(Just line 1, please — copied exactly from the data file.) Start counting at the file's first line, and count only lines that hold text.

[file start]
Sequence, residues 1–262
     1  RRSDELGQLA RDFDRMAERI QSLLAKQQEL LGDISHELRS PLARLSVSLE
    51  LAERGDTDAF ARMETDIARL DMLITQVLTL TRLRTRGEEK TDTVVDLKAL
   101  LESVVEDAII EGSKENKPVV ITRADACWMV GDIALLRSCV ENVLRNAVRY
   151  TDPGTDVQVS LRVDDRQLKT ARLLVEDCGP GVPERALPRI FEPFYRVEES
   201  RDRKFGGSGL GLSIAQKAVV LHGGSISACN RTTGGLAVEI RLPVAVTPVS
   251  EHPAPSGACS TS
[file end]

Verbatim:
Sequence, residues 1–262